Documentation for the three events other than the 02:15 A.M. December 16, 1811, event in Table 1 is less complete, and regression analysis of the type used to derive Equation (1) results in unrealistic coefficients. Therefore to scale the intensity data as a function of R for the other three events, the coefficients of the R and log10R terms in Equation (1) were arbitrarily used. And with respect to the 02:15 A.M. December 16, 1811, event, the constant term in Equation (1) which includes the epicentral intensity, becomes 13.65 for the 08:15 A.M. December 16, 1811, event, 14.06 for the January 23, 1812, event, and 14.55 for the February 07, 1812, event.
Body-wave magnitudes can be estimated for the earthquakes by the technique developed by Nuttli (1973). Given the 7.2 mb body-wave magnitude calculated by Nuttli (1973) for the 02:15 A.M. December 16, 1811, event and the spatial attenuation of intensities for the four events, it is not difficult to show magnitudes of 7.0 for the 08:15 A.M. December 16, 1811, event, 7.1 for the January 23, 1812, event, and 7.3 for the February 07. 1812, event.
In conclusion, the purpose of this paper has been to further the documentation and understanding of the 1811-1812 Mississippi river valley earthquake sequence. The intensity levels and mbLg magnitudes for the January 23, 1812. and February 07, 1812, event have been more rigorously derived than heretofore published, and a fourth event, the 08:15 A.M. December 16, 1811, event has been shown to be a major event in this important earthquake sequence.
I wish to thank Otto Nuttli and Jim Zollweg for reviewing the material on which this paper was based and for their helpful suggestions.
This study was supported in part by the U.S. National Science Foundation under Grant PFR-7819765.
|Figure 1||Figure 2||Figure 3||Figure 4|
|Figure 5.1||Figure 5.2||Figure 6|
|- Ft. St. Stephens||V|
|- Ft. Stoddard||F|
|DISTRICT OF COLUMBIA|
Anonymous (1812). Account of the earthquakes which occurred in the United States, North America on the 16th of December, 1811, the 23d of January. and the 7th of February, 1812, Smith, Philadelphia, Pennsylvania.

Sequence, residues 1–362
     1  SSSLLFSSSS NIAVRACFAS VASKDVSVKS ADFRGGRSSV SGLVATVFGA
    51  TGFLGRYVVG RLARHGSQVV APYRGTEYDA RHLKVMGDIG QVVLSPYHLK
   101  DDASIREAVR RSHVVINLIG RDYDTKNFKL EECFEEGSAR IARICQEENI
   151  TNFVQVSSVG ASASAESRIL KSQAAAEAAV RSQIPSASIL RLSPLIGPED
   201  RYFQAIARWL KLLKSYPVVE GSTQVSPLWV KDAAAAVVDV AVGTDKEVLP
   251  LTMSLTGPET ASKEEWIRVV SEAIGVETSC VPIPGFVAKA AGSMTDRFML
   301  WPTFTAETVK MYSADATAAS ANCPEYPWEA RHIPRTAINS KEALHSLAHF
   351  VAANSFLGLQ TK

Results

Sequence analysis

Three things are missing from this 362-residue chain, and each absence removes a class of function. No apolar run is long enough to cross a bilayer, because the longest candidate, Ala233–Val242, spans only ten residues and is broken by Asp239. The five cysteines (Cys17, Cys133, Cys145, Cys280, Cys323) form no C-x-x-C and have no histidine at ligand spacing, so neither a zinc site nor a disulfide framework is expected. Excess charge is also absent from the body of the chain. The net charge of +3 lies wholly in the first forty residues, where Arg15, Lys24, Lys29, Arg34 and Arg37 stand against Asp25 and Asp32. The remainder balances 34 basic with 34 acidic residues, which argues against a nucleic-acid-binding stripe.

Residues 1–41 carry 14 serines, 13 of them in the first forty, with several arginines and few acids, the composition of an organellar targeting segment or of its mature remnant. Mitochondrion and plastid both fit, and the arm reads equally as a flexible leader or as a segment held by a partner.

Drake, D. (1815). Natural and statistical view, a picture of Cincinnati and the Miami country, illustrated by maps, with an appendix, containing observations on the late earthquakes, the aurora borealis, and the south-west wind, Cincinnati, Ohio.
Fuller, M. L. (1912). "The New Madrid earthquakes", U.S. Geological Survey Bulletin, 494, Washington, D.C.
Gupta, I. N. and 0. W. Nuttli (1976). "Spatial attenuation of intensities for central U.S. earthquakes", Bull. Seism. Soc. Am., 66, 743-751.
Howell, B. F. and T. R. Schultz (1975). "Attenuation of Modified Mercalli intensity with distance from the epicenter", Bull. Seism. Soc. Am., 65, 651-665.
Mitchill, S. L. (1815). A detailed narrative of the earthquakes which occurred on the 16th day of December, 1811, and agitated the parts of North America that lie between the Atlantic ocean and Louisiana; and also a particular account of other quakings of the earth occasionally felt from that time to the 23rd and 30th of January, and the 7th and 16th of February, 1812, and subsequently to the 18th of December, 1813, and which shook the country from Detroit and the Lakes to New Orleans and the Gulf of Mexico, Trans. Literary Phil. Soc., Vol. I, New York, New York.
Nuttli, 0. W. (1973). "The Mississippi valley earthquakes of 1811 and 1812: intensities, ground motion and magnitudes", Bull. Seism. Soc. Am., 63, 227-248.
Nuttli, 0. W. (1979). "Seismicity of the central United States", Geo. Soc. Am., Reviews in Engineering Geology, Vol. IV, 67-93.
Street, R. (1980). A compilation of accounts describing the Mississippi valley earthquakes of 1811-1812: Part I, Dept. of Geology, University of Kentucky, Lexington, KY, 247 p.